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On-Hand Inventory Liability: Getting Retail Price and On-Hand Inventory Together in One Report

On-Hand Inventory Liability Spreadsheet:

There is not currently a report that shows both On-Hand Inventory and Retail Price. The best way I’ve found to get that information on one report is to combine the Product Export spreadsheet (accessed from Settings > Import/Export > Product Exporter > (I recommend changing the Format of the report to Advanced as opposed to Regular because the former includes things like COGS).

Next, we need some current inventory numbers. Those can be found from: Reports > (hover over) Inventory > Inventory Summary.

We’ll use Google Sheets (free for everyone) to create a spreadsheet with three tabs:

  • Dashboard
  • InventorySummary
  • ProductExporter

Here’s a sample version of what I’m talking about here

The magic happens on the Dashboard sheet. The Columns on the Dashboard in my example are:

  • Column A: Google Sheets has an awesome formula called UNIQUE. Just enter in A1: =UNIQUE([select Column B from the InventorySummary sheet]) and Sheets will just return the set of unique values from that sheet. I like doing it this way because it controls for multiple Inventory Pools. If you were to just pull all of the SKUs off of the ProductExporter, you’d pull in all of the SKUs that you have even though many of them may not use inventory and that’s the whole point of this thing.
  • Column B: Total Inventory here is just calculated by using a =SUMIF formula. In cell B2, for example, you have a SUMIF formula that says in English: go look at the InventorySummary sheet and sum all of the times this SKU in cell B1 shows up.
  • Column C: This is the really fun one: Proper use of =INDEX(MATCH()) will make people believe you have magical powers. In English, this formula says: Ok, take the SKU in Column A and go find that SKU on the ProductExporter sheet. When you get there and you find the SKU, march down the row and retrieve this other piece of information I need. In the case of Column C, that information is the Retail Price.
  • Column D: Extended Retail Price is pretty easy to grasp. This is just the inventory sum multiplied by the price.
  • Column E: This is the same a Column C except this time, the formula has orders to go find and retrieve the COGS.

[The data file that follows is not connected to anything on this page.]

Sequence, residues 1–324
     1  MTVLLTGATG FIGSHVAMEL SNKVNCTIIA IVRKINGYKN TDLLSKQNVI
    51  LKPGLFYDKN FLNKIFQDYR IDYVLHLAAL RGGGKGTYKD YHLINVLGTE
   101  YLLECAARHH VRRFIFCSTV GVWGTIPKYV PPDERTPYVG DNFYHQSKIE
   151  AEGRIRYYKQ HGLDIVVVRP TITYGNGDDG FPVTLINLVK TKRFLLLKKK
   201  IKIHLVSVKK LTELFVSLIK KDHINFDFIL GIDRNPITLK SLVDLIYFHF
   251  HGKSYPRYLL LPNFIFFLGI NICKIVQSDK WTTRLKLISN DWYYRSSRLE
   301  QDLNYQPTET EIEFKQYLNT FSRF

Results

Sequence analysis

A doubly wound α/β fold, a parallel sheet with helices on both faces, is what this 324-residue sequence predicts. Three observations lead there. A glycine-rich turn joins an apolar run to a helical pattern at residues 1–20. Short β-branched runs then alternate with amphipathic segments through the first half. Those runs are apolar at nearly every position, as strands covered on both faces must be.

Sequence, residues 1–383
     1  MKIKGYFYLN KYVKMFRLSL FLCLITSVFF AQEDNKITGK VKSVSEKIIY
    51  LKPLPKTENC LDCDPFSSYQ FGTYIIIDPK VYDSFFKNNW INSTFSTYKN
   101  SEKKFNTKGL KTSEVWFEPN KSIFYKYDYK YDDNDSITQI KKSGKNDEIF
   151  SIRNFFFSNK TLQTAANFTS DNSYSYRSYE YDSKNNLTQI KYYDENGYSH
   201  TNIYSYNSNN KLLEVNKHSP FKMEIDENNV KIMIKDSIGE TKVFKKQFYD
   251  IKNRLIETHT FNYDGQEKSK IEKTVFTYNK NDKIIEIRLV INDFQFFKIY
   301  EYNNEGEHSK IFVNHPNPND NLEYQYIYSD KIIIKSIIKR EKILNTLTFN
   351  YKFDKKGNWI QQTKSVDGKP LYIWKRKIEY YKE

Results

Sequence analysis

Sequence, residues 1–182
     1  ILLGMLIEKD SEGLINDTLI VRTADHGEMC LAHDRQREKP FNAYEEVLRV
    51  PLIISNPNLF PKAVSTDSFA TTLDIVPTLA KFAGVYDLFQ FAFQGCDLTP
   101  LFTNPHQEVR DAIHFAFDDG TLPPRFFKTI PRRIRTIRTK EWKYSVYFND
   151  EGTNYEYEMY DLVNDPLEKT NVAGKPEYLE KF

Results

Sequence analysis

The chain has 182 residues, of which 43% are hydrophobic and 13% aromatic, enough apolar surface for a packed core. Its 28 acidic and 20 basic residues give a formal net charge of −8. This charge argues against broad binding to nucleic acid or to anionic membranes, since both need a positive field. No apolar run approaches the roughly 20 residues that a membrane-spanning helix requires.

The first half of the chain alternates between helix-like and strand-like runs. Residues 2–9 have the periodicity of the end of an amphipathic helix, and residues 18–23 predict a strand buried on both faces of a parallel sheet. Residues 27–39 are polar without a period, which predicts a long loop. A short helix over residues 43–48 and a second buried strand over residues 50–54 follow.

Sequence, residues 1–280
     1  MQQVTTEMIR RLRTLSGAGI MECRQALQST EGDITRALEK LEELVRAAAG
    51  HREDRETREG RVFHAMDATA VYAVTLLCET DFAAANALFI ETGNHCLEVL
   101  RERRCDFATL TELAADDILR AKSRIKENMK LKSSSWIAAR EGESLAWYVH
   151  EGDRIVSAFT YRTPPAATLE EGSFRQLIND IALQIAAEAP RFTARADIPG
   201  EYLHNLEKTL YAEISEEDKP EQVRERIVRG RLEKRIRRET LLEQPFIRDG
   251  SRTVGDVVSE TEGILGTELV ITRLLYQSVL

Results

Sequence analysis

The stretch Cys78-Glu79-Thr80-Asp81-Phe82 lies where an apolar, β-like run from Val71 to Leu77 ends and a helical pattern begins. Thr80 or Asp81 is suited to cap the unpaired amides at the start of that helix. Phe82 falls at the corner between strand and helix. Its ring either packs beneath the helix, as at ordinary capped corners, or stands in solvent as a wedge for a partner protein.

• Column F: Extended COGS is the same as Extended Retail Price except for the obvious: It uses COGS as opposed to Retail Price.

Please let me know what other kinds of non-standard figures or metrics you guys calculate on a regular basis (or want to calculate on a regular basis) and I’ll do a write-up on it. This one was just meant to test the waters and subtly introduce a couple of powerful formulas.

Thanks!
:relaxed:

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Maybe I’m missing something here, but it seems it would be much faster and easier to use a LOOKUP function. Take the InventorySummary sheet and have it VLOOKUP the Cost and Price from the ProductExporter. Then simply summarize in a pivot table.

https://dl.dropboxusercontent.com/u/51198544/On-Hand%20Inventory%20Liability-Easier.xlsx

You could build a Dashboard function that would then just allow you to drop in the two exports every time you need the information.

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Thanks for the note, @EdFarmCollective!

To defend my formula choice: Here’s an article I like. Here’s another one. Why not one more.

To the rest of the people: You’ll be fine either way. Like I said, this was just a taste of “derived” reports.

I think my point is you introduced a ton of complexity without any benefit. In my example, you can use VLOOKUP or INDEX interchangeably, and it’s still significantly fewer steps.

Game recognize game, tho.

So the Product Exporter doesn’t include a product’s Sub-SKUs. Any solutions here? I find it remarkably difficult to get a list of all of my products and Sub-SKUs with any useful data.

I still can’t believe that we can’t just generate a simple price list - Product- Current Inventory - Retail Price. Why is that so hard?